A manufacturing subcontractor in the defense industry has become the latest victim of hackers, Emsisoft, a cybersecurity and anti-malware company, told Fifth Domain.
Lockheed Martin, General Dynamics, Boeing and SpaceX are among dozens of companies named as victims of compromised data, accessed through the hacking of Visser Precision LLC, a Colorado-based aerospace, automotive and industrial parts manufacturer.
DoppelPaymer, a ransomware group, perpetrated the hack, according to Brett Callow, a threat analyst with Emsisoft.
[To see a photo (courtesy of Brett Callow/Emsisoft) posted to a hacker group website listing dozens of U.S. businesses whose data hackers claim to possess, click here.]
“Visser Precision, LLC was the recent target of a criminal cybersecurity incident, including access to or theft of data. The company continues its comprehensive investigation of the attack, and business is operating normally,” Visser Precision said in an emailed statement to Fifth Domain. “Visser Precision will continue full cooperation with its customer partner companies.”
The hacker group, which is a variant of actor BitPaymer, has been active for over a year but only recently began releasing compromised information, Callow said. The group’s website features an ominous message to “stay tuned” for a “LOT” more data to come “by parts.”
While threatening to release additional data, the group has already posted personnel information from industry corporations, government officials and subcontractors from 2016, as well as a partial document related to a missile antenna from Lockheed Martin from 2011.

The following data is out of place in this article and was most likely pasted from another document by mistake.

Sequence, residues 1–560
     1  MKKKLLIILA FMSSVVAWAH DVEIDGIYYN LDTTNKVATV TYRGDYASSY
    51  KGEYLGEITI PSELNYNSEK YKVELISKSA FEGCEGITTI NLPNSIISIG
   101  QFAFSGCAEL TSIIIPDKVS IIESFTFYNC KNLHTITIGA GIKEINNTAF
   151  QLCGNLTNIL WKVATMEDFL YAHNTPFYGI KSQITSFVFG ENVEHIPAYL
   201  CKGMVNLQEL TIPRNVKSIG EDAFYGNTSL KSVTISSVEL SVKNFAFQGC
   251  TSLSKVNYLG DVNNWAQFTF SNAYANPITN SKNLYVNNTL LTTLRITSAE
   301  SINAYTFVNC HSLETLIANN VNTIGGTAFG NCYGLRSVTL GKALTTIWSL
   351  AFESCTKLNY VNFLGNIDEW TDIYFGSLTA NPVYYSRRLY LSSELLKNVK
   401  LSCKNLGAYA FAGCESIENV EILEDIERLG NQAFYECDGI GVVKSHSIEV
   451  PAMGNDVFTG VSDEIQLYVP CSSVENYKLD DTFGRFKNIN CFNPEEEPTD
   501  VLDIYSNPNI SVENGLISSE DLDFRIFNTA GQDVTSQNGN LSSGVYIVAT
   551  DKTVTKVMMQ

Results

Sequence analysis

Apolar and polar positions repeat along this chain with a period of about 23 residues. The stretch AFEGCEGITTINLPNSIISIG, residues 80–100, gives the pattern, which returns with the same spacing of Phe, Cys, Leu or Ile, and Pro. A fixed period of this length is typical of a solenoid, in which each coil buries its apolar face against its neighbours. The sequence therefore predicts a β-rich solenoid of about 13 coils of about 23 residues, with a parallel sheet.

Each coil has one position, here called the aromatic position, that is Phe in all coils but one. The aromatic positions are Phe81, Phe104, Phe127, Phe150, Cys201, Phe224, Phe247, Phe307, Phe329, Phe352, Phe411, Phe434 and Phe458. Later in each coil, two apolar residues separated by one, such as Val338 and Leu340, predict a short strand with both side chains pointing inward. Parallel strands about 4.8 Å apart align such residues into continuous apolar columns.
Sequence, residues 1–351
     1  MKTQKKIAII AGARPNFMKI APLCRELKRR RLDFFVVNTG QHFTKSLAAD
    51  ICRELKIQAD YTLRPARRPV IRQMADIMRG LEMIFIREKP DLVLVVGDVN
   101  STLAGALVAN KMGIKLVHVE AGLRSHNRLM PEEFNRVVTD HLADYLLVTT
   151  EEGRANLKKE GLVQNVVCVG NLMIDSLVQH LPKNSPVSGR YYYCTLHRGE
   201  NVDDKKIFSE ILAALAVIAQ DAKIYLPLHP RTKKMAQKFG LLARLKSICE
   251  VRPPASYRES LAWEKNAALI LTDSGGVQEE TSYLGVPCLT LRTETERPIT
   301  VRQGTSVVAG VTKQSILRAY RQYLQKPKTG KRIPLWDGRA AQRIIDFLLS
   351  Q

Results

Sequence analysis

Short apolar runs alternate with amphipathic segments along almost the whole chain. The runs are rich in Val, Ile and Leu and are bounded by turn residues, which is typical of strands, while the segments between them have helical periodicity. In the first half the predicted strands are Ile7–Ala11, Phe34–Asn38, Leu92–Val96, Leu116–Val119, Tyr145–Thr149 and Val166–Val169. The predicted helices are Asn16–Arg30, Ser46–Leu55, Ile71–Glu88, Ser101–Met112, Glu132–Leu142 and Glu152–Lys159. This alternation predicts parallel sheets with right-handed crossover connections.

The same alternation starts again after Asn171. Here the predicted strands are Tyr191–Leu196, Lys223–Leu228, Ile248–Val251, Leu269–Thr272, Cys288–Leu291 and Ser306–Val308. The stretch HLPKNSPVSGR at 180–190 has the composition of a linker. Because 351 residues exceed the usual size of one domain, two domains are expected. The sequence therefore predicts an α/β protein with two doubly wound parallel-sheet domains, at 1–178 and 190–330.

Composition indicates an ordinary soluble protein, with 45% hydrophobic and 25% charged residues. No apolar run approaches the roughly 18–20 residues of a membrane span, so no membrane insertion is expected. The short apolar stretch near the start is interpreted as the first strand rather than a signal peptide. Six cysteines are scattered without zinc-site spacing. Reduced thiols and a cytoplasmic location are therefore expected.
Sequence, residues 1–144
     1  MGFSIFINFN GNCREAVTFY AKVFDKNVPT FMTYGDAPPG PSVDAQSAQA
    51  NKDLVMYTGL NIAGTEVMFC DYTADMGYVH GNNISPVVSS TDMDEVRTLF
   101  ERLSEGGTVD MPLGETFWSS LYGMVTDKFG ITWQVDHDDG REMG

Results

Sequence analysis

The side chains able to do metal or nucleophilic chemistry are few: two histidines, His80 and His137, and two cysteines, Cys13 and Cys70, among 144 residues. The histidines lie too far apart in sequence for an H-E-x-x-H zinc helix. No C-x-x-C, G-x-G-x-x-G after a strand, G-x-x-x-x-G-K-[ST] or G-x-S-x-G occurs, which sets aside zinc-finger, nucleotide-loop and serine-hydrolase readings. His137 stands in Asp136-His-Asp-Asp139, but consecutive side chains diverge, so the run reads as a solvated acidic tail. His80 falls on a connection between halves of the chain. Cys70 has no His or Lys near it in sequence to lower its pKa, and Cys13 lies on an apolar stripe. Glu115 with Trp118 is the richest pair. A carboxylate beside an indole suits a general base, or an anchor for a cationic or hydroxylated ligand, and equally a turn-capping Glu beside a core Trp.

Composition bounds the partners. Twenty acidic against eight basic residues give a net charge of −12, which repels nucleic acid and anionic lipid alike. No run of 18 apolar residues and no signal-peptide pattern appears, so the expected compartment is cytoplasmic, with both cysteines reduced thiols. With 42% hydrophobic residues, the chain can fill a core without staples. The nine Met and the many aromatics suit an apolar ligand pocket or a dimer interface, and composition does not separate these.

“We are aware of the situation with Visser Precision and are following our standard response process for potential cyber incidents related to our supply chain,” a Lockheed Martin spokesperson told Fifth Domain. “Lockheed Martin has made and continues to make significant investments in cybersecurity, and uses industry-leading information security practices to protect sensitive information. This includes providing guidance to our suppliers, when appropriate, to assist them in enhancing their cybersecurity posture.”
Hacker groups — such as Maze, which previously released veterans’ sensitive information online — have targeted various government entities, law firms and businesses in the last year, as reported by Military Times, a sister publication of Fifth Domain.
Standard to other ransomware attacks, the hackers appear to have gained access to Visser Precision’s system, exfiltrating data before demanding payment to prevent a wider release.
“[The hackers] started by publishing older and less sensitive data,” Callow told Fifth Domain over email. “The more data they publish and the more sensitive that data is, the less incentive the company has to pay to prevent the remaining data being published.”
The Department of Defense recently announced an upcoming demonstration to test U.S. Air Force capabilities with SpaceX-developed Starlink technology. The released data, however, does not pertain to this platform.
SpaceX, General Dynamics and Boeing all did not immediately respond to requests for comments.
Callow, who monitors hackers’ activities, said DoppelPaymer has previously claimed in online posts to have stolen data in additional, unrelated incidents, and he believes more information will likely be released soon.
“This attack is particularly worrisome because of the nature of the information that may have fallen into the hands of cybercriminals,” Callow said. “Obviously, this [hack] could put the intellectual property of the companies’ concerned at risk and possibly even pose a risk to national security.”
The Federal Bureau of Investigation alerted businesses last October about “high-impact ransomware attacks” that specifically target government entities and corporations to encrypt data and unlock it for a fee, Fifth Domain previously reported.
In the last 48 hours, Maze separately published stolen information from a Canadian provincial government, state-owned Mexican petroleum company Pemex and a French telecommunications company, Callow added.
A 2019 Emsisoft report found that ransomware attacks targeted 113 state and municipal governments and agencies, 764 health care providers, and 89 universities, colleges and school districts nationwide.
Dylan Gresik is a reporting intern for Military Times through Northwestern University's Journalism Residency program.